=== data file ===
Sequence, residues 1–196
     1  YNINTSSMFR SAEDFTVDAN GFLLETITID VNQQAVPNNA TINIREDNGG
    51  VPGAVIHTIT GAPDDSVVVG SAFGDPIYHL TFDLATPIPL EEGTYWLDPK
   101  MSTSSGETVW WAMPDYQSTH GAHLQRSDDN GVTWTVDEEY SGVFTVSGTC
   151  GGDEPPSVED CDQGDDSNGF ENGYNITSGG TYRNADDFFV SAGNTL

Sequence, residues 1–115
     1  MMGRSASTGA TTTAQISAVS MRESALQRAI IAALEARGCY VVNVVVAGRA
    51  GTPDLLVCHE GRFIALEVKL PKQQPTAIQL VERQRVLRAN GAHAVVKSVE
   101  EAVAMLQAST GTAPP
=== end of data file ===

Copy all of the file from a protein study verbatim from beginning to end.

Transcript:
Sequence, residues 1–196
     1  YNINTSSMFR SAEDFTVDAN GFLLETITID VNQQAVPNNA TINIREDNGG
    51  VPGAVIHTIT GAPDDSVVVG SAFGDPIYHL TFDLATPIPL EEGTYWLDPK
   101  MSTSSGETVW WAMPDYQSTH GAHLQRSDDN GVTWTVDEEY SGVFTVSGTC
   151  GGDEPPSVED CDQGDDSNGF ENGYNITSGG TYRNADDFFV SAGNTL

Sequence, residues 1–115
     1  MMGRSASTGA TTTAQISAVS MRESALQRAI IAALEARGCY VVNVVVAGRA
    51  GTPDLLVCHE GRFIALEVKL PKQQPTAIQL VERQRVLRAN GAHAVVKSVE
   101  EAVAMLQAST GTAPP